ACUI Anticipates Fifth Day of Giving
December 4, 2019, ACUI’s fifth Day of Giving, and members of ACUI’s Education & Research Fund team are asking themselves, “Will there be another perfect storm?”
That’s how last year’s Day of Giving was being described after a record $15,016 was raised, more than doubling the amount raised in 2016 and nearly doubling the 2017 amount of $8,710.
“The Day of Giving has become one of my favorite events of the year,” said Kyle Burke, director of Northeastern Illinois University’s student union and event and conference services. “The fact that my friends here in Region V, and others across the nation, have donated to the Day of Giving year after year is proof to me that the people of ACUI are truly wonderful, caring, and dedicated individuals supporting this amazing Association that we all love.”
Burke mentioned a number of facets to the Day of Giving that have motivated giving. Regional challenges based on total giving and on the number of donors have become an incentive, particularly by winning both categories since there’s a return on investment into a particular region’s scholarship fund. Promotions and presentations about the Day of Giving at the Regional Conferences prior to the event have helped, as has promotion through social media.
“I think the positive, feel good energy and promotion throughout the day on social media is what makes the Day of Giving fun,” Burke said. “It’s become successful because we’re heavy on social media both in the days and weeks leading up to the event, but also multiple times throughout the day.”
Education & Research Fund chairperson Sarah Aikman, a past ACUI president, pointed out that not only was last year’s Day of Giving a record-setter, but the year as a whole was one of note. Another highlight, she pointed out, was that donors have fully funded three scholarships since last year’s Day of Giving. The Chuck Morrell New Professional IPDS Scholarship, the Meg Sutton I-LEAD® Scholarship, and the MHB Internship Program each were actualized since the last Day of Giving.
“The financial pieces for each of these, and now all of our scholarships and awards, have been fully funded, so now all donations will go to the Annual Fund,” Aikman said. “Now there is a group of us writing a new fundraising strategic plan for the Education & Research Fund.”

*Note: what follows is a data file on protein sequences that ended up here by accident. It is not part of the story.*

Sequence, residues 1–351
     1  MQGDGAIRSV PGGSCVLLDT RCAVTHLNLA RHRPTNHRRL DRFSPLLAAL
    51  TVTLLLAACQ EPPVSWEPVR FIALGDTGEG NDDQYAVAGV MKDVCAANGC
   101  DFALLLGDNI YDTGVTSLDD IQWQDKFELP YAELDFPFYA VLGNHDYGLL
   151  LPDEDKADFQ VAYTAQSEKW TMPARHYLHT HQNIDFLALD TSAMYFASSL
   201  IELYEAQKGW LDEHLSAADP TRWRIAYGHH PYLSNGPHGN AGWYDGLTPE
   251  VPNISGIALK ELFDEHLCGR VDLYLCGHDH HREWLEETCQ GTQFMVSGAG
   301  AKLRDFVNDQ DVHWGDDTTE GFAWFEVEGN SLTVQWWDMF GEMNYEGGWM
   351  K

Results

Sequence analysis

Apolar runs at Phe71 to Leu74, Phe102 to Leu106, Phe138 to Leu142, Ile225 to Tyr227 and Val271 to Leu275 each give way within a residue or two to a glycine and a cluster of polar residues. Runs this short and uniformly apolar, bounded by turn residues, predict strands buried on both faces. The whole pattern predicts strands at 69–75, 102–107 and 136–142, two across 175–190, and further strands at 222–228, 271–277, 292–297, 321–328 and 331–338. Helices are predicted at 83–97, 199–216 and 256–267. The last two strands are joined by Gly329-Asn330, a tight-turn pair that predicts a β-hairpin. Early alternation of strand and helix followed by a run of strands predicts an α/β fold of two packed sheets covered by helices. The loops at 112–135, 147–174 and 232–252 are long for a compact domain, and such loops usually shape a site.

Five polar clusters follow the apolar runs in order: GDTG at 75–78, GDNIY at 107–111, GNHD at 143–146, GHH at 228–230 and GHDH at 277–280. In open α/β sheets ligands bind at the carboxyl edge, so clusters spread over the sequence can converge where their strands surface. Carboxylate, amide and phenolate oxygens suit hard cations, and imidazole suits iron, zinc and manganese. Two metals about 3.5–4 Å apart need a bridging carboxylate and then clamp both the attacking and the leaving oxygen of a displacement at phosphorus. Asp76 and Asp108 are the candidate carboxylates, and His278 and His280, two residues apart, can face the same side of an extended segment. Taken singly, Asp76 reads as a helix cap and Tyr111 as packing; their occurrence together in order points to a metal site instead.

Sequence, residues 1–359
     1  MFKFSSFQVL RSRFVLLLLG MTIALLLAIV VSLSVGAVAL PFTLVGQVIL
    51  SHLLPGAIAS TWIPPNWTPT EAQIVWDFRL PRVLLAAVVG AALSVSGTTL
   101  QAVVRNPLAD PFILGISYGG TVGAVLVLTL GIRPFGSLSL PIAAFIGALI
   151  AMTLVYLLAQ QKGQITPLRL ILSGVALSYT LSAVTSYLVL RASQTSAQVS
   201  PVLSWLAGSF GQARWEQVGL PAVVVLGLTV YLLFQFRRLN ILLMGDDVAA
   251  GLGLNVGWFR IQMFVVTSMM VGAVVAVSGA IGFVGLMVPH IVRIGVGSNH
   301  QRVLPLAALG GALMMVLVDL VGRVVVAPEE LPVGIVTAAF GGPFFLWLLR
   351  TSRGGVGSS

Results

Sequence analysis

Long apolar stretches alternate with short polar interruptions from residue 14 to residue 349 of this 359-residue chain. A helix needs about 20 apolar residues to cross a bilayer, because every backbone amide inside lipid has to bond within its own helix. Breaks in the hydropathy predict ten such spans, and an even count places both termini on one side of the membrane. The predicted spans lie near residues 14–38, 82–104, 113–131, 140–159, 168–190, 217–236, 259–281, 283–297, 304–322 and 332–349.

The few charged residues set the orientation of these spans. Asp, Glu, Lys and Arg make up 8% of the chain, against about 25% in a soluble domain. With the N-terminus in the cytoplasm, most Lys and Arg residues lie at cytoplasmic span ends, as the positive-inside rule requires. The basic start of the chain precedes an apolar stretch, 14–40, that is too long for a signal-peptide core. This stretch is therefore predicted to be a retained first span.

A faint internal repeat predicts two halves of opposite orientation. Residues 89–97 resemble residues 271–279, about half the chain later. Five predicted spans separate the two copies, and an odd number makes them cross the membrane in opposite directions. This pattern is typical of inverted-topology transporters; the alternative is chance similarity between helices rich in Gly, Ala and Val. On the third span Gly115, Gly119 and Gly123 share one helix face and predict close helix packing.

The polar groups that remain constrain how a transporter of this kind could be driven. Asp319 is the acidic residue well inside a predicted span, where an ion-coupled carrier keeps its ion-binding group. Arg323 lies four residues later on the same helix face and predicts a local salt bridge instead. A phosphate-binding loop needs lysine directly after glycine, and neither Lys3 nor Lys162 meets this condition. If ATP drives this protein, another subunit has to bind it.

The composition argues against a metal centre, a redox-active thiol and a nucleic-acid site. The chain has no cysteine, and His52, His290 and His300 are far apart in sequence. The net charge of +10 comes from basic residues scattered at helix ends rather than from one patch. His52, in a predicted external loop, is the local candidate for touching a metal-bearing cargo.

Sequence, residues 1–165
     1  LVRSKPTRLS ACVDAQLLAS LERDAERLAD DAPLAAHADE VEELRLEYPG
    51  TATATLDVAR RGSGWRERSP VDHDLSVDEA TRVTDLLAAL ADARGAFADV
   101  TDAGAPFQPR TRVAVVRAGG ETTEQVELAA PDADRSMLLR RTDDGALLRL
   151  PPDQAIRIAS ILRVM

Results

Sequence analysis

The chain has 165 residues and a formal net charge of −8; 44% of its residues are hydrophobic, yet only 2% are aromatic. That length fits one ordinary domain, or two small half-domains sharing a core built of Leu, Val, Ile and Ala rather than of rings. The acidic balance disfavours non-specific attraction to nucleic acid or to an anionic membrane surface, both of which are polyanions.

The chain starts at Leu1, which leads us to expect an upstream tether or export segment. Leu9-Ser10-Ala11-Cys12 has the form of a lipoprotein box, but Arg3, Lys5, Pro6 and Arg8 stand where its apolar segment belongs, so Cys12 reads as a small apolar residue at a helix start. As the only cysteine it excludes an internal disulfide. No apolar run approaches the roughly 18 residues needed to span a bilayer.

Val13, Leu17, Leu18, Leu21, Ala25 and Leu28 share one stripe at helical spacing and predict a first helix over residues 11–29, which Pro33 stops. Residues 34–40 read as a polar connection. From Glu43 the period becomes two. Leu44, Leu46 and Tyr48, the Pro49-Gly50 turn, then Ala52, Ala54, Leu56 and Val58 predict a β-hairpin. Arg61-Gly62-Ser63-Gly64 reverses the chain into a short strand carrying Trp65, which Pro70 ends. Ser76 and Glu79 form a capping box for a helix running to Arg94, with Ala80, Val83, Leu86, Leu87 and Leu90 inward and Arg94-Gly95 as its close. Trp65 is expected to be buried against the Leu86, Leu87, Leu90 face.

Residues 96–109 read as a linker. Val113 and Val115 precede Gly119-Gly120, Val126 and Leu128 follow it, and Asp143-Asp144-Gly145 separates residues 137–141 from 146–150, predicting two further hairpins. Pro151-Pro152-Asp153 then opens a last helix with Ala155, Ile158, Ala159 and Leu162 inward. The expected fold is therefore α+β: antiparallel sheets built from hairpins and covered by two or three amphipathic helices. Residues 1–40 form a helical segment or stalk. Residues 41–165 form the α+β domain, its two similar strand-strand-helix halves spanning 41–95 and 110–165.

One scholarship namesake, Chuck Morrell, is a former regional conference chair and an ACUI Emeritus Award recipient. He said attending the IPDS: New Professionals Orientation in 1988, when it was called the Indiana Professional Development Seminar, changed his professional life.
“My supervisor at the time was Joan Rogers, the associated director for operations at the University of Connecticut, and she strongly suggested that I attend the IPDS program as it would offer me insight into the union profession,” Morrell recalled. “How right she was. In short order I was able to connect with colleagues across ACUI, and it led me to becoming an active volunteer for ACUI.”
“It is with great appreciation that I acknowledge ACUI for its continued support of young professionals and it is with great humility that I will be connected to the many that will attend this program in the future,” he added.
Marsha Herman-Betzen created the MHB Internship Program to provide graduate students of color the opportunity to advance their careers by interning at the ACUI Central Office. The former executive director, associate executive director, and coordinator of educational programs and services at ACUI said the successful support of the three scholarships and the record Day of Giving fall squarely on the identity of the ACUI membership.
“The fact we have fully funded three scholarships to help young professionals and students is the result of a perfect storm,” she said. “To begin with, the Association devoted professional resources to artfully develop and articulate the purpose of the scholarships. Add the generosity of the ACUI members with their bone-deep commitment to help develop the next generation of leaders, and you have a winning combination. Quite simply put, if fundraising is a prioritized and supported strategic goal, ACUI members will open up their hearts and pocketbooks to give.”
As Burke mentioned, the fun of regional challenges to stimulate giving, Aikman chimed in that the positive and competitive aspect of giving is what often leads to an energized group of donors. When she reached out last year to other past presidents and challenged them to each contribute high dollar items to the Association’s silent auction at the Annual Conference, fellow past president Gretchen Laatsch kindly one-upped her.
“Gretchen put out her own challenge that for every $100 raised at the silent auction that each past president would pledge to match that with from $10 to $200, and I think we had 25 past presidents jump on board,” Aikman said.
Laatsch, a Butts-Whiting Award winner who originally endowed the Gretchen Laatsch Grant & Scholarship, said as someone who couldn’t attend the 2019 Annual Conference nor bid at the silent auction, the efficient alternative would be the cash challenge, “and writing a check.”
“Our past presidents are one of our most loyal groups and I knew we weren’t going, so why spend $100 on gift cards when there’s nothing easier than writing a check,” she said. “What inspires me is that I believe in education and I believe that a professional needs education as they move along in the field. I would not have got to where I did without that education, without the conferences, the regionals, IPDS, everything I went on to do. I know how important that is and I know you can’t do it without some funds.”
And Laatsch was right about ACUI’s past presidents. To the number, each gave $200, making her email worth $5,000 in scholarship funding.